Camryn the discussion started on March 29, 2003 (17:37) with the following post:
Could you maybe help me further. Do animals have z. B. (dog, cat, mouse, horse) also different blood groups? And if so, the same as humans?
And how does this behave? Please help me!
Carsten answered on 03/29/03 (17:59):
these animal species also have different blood types.
for example cat:
As with humans, cats also have a blood group system, which consists of three blood groups:
Group A, Group B and Group AB. This system is called the AB system. The blood group 0, which still exists in humans, does not exist in cats.
From birth, cats carry antibodies (alloantibodies) in their blood, on the surface of the erythrocytes (red blood cells) against the blood group that they do not have themselves. Animals with blood group B have very strong alloantibodies against A, cats with blood group A also have these alloantibodies against B, but only very weak ones. Thus, the reactions of blood group B animals are stronger than with animals of blood group A. Here too there are reactions that are very weak and hardly noticeable.
Group AB cats do not have alloantibodies. This is a big problem for breeding. If a blood group B cat is mated with a male who has blood group A, 75% of the puppies with blood group A, which are heterozygous AB in the genotype, will result. The mother cat with blood group B passes on the alloantibodies that are against group A via the colostrum. If the kittens with blood group A or AB drink this milk with the B antibodies, which are against their blood groups, the antibodies can overcome the intestinal mucosal barrier in the first 24 to 48 hours and cause severe hemolysis in the kittens, also known as the Feline neonatal isoerythrolysis or "fading kitten syndrome" for short FNI, in which the disintegration of the erythrocytes leads to jaundice (jaundice), anemia (anemia) and hemoglobinemia, in which the puppies excrete brownish urine, in some cases as well have bloody diarrhea. The boys die from actually harmless infections within a few days after their birth. A few A-kittens develop almost completely normally in a B-cat, due to the fact that the alloantibody content is not quite as strong. Smaller reactions often occur here, such as tail necrosis (death of the tip of the tail). After 24 to 48 hours the intestinal barrier is tight, the kittens are then out of danger and can continue to be looked after by the mother.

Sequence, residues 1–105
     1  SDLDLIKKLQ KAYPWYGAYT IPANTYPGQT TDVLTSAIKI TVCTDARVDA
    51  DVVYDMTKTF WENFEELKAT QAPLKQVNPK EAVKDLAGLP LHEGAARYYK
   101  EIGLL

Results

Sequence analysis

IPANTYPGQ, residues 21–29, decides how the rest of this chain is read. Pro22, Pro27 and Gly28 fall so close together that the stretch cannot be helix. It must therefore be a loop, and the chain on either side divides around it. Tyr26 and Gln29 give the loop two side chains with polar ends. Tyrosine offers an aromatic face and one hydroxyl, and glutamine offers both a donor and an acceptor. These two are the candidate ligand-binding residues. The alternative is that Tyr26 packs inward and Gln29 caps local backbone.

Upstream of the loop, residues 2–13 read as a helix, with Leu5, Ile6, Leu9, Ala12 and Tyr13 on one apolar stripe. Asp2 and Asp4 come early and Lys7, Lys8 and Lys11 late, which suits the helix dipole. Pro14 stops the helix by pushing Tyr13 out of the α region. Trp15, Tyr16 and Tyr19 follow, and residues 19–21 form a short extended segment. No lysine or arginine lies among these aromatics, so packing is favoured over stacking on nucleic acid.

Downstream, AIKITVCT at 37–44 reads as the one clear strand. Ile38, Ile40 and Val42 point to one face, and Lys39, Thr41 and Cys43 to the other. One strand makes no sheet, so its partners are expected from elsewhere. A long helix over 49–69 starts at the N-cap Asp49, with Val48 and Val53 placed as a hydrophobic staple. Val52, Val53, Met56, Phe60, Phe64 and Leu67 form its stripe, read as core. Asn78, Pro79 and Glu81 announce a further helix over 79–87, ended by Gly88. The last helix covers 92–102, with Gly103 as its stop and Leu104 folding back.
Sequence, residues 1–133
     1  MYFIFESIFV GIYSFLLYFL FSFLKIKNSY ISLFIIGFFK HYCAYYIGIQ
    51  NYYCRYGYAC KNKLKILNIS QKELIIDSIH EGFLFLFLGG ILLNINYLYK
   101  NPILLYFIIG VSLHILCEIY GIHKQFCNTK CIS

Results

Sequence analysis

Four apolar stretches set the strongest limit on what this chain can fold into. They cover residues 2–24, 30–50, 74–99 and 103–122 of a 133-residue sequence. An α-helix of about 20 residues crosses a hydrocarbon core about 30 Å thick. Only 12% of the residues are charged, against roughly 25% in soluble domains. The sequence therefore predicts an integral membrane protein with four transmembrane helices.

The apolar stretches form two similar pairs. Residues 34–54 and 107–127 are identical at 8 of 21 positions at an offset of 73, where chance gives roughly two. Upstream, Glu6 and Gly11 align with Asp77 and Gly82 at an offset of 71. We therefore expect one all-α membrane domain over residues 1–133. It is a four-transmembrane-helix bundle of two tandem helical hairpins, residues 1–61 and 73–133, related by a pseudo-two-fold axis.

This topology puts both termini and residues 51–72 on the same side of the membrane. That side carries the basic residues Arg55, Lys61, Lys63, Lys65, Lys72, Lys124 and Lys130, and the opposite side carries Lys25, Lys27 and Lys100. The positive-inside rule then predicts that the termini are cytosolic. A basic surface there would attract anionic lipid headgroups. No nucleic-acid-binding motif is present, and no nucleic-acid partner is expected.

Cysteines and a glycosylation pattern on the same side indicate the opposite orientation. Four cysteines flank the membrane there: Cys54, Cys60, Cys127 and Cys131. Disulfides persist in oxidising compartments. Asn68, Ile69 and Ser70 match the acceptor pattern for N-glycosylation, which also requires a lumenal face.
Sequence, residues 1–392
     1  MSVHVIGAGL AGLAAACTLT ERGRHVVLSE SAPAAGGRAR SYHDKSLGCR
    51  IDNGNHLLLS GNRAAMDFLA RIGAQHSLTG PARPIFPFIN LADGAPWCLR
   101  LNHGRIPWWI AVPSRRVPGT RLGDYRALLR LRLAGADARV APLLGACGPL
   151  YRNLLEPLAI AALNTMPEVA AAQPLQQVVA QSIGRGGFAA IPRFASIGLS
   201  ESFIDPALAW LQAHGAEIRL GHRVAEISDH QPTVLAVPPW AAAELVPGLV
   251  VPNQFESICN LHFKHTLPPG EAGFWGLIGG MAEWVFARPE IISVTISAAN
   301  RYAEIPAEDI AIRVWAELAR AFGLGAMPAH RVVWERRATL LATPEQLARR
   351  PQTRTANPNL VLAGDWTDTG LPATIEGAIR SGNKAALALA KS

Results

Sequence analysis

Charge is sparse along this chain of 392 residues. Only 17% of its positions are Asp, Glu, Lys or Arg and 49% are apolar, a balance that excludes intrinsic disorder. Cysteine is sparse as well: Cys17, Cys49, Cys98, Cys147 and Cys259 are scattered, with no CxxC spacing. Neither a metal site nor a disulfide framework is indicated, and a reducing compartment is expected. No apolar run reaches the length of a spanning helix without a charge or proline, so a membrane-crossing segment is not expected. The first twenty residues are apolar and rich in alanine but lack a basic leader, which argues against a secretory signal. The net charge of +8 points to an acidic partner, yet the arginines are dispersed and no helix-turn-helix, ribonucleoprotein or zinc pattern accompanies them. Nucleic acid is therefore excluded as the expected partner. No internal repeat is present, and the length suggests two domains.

Blood group A predominates in the cat population, a very small percentage falls into blood group B, which considerably reduces the risk of blood group intolerance. Unfortunately not so with many different races. In Somalis, for example, 10-20% have blood group B. Therefore it is very important to test both parents before starting a mating. To rule out blood group intolerance. It is recommended that only animals of blood group A be used for breeding, as there are no problems whatsoever with these animals. If you want to mate a B-cat, you should either look for a tomcat with blood group B, whereby you should be aware that only blood group B puppies can fall in this case, or if you are mated with blood group A tomcat, the Separate puppies from their mother for 48 hours immediately after birth. For the breeder, this means hand-rearing with cat milk substitutes or the possibility of suckling the puppies from a blood group A foster cat.